Robert Fleming is a Fellow of both the American College of Trust and Estate Counsel and the National Academy of Elder Law Attorneys. He has been certified as a Specialist in Estate and Trust Law by the State Bar of Arizona‘s Board of Legal Specialization, and he is also a Certified Elder Law Attorney by the National Elder Law Foundation. Robert has a long history of involvement in local, state and national organizations. He is most proud of his instrumental involvement in the Special Needs Alliance, the premier national organization for lawyers dealing with special needs trusts and planning.

Robert has two adult children, two young grandchildren and a wife of over fifty years. He is devoted to all of them. He is also very fond of Rosalind Franklin (his office companion corgi), and his homebound cat Muninn. He just likes people, their pets and their stories.

Elizabeth N.R. Friman


Elizabeth Noble Rollings Friman is a principal and licensed fiduciary at Fleming & Curti, PLC. Elizabeth enjoys estate planning and helping families navigate trust and probate administrations. She is passionate about the fiduciary work that she performs as a trustee, personal representative, guardian, and conservator. Elizabeth works with CPAs, financial professionals, case managers, and medical providers to tailor solutions to complex family challenges. Elizabeth is often called upon to serve as a neutral party so that families can avoid protracted legal conflict. Elizabeth relies on the expertise of her team at Fleming & Curti, and as the Firm approaches its third decade, she is proud of the culture of care and consideration that the Firm embodies. Finding workable solutions to sensitive and complex family challenges is something that Elizabeth and the Fleming & Curti team do well.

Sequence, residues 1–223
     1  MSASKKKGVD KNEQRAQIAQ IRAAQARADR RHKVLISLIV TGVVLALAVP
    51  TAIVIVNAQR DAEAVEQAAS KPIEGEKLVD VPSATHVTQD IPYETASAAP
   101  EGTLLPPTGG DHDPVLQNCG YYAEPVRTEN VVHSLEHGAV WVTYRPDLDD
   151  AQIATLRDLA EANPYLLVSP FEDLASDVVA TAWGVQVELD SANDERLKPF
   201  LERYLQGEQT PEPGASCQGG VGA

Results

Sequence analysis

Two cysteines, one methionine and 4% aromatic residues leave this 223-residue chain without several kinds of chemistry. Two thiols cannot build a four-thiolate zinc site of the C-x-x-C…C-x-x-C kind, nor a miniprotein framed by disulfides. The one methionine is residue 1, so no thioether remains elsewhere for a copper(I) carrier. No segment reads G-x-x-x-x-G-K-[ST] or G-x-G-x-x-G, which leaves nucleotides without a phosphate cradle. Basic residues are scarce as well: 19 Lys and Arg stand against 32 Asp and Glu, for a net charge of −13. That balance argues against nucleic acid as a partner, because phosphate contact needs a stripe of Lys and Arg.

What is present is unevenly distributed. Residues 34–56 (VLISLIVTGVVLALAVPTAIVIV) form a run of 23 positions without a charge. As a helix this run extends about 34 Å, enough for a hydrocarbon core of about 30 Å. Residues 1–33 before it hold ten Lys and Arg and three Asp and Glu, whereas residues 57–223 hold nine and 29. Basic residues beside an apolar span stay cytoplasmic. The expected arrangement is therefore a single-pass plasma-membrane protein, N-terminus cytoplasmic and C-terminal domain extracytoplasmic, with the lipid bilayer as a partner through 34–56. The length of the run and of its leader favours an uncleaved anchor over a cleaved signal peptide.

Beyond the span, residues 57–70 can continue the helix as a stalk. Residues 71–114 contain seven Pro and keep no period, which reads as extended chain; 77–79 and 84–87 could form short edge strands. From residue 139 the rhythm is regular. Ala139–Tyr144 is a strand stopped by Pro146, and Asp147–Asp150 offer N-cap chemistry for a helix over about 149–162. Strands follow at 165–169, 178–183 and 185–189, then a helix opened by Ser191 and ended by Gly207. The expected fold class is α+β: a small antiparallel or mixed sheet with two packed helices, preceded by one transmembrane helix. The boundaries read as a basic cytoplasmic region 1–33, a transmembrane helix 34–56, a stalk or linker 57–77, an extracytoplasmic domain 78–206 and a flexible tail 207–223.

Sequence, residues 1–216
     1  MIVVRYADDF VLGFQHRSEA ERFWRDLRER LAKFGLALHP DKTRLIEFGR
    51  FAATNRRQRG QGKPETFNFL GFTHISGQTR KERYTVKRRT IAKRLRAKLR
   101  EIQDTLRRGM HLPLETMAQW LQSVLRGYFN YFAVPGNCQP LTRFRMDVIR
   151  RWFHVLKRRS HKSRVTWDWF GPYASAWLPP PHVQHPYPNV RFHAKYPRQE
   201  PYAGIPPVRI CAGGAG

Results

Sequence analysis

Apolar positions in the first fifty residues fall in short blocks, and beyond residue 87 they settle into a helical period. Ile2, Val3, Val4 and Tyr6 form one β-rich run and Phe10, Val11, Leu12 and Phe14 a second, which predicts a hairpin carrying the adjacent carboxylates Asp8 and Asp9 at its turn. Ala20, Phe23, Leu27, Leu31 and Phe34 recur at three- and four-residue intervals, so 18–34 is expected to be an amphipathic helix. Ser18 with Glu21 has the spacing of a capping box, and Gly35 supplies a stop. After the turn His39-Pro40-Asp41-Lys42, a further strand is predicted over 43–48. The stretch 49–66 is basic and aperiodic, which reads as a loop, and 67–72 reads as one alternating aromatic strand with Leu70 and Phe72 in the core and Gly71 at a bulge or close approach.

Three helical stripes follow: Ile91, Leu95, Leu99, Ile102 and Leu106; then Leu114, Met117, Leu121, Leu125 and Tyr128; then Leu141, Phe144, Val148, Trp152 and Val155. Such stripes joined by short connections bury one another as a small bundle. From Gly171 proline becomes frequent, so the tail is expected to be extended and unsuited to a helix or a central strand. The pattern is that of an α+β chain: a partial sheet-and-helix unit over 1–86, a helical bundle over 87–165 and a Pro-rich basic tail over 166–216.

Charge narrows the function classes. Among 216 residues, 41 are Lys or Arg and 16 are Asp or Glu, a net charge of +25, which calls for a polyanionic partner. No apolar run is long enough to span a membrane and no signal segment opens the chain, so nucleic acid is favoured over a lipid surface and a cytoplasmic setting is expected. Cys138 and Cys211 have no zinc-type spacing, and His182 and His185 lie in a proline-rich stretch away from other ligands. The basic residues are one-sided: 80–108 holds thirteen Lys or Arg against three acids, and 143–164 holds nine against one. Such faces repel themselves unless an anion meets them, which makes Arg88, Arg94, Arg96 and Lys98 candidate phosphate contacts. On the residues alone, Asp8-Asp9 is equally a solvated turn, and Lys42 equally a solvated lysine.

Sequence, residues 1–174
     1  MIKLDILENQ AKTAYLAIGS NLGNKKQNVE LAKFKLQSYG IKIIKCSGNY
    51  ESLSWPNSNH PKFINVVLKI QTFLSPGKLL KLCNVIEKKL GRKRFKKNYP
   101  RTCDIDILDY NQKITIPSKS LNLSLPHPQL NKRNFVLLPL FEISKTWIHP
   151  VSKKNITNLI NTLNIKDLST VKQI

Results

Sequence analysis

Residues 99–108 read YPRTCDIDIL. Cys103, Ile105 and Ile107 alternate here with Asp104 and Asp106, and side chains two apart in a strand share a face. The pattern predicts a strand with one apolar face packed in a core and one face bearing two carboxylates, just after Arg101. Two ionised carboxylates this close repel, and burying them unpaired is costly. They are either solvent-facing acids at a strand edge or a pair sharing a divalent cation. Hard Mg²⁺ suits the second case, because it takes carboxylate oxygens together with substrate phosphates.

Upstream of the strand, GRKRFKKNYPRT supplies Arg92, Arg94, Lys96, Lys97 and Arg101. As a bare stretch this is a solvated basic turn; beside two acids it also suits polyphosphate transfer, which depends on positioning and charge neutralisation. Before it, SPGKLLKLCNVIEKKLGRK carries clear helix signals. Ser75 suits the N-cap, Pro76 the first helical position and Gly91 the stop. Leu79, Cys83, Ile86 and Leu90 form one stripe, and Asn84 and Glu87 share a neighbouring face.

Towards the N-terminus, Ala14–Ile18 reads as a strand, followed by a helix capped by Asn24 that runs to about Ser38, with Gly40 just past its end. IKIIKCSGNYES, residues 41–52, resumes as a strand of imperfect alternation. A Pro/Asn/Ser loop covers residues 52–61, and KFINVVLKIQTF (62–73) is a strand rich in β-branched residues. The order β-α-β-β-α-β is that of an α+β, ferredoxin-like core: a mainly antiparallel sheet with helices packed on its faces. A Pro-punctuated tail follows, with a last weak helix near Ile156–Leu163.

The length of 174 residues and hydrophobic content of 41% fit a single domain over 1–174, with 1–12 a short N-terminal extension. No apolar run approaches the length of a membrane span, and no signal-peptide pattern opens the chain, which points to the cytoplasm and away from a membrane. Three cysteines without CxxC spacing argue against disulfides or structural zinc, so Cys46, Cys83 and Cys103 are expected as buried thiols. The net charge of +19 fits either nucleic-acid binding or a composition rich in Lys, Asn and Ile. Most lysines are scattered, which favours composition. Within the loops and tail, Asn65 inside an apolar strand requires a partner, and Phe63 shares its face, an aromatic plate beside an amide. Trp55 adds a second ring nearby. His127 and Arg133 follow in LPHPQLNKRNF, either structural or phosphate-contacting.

Amy F. Matheson


Amy Farrell Matheson has worked as an attorney at Fleming & Curti since 2006. A member of the Southern Arizona Estate Planning Council, she is primarily responsible for estate planning and probate matters.

Amy graduated from Wellesley College with a double major in political science and English. She is an honors graduate of Suffolk University Law School and has been admitted to practice in Arizona, Massachusetts, New York, and the District of Columbia.

Prior to joining Fleming & Curti, Amy worked for American Public Television in Boston, and with the international trade group at White & Case, LLP, in Washington, D.C.

Amy’s husband, Tom, is an astronomer at NOIRLab and the Head of Time Domain Services, whose main project is ANTARES. Sadly, this does not involve actual time travel. Amy’s twin daughters are high school students; Finn, her Irish Red and White Setter, remains a puppy at heart.

Famous people's wills

Matthew M. Mansour


Matthew is a law clerk who recently earned his law degree from the University of Arizona James E. Rogers College of Law. His undergraduate degree is in psychology from the University of California, Santa Barbara. Matthew has had a passion for advocacy in the Tucson community since his time as a law student representative in the Workers’ Rights Clinic. He also has worked in both the Pima County Attorney’s Office and the Pima County Public Defender’s Office. He enjoys playing basketball, caring for his cat, and listening to audiobooks narrated by the authors.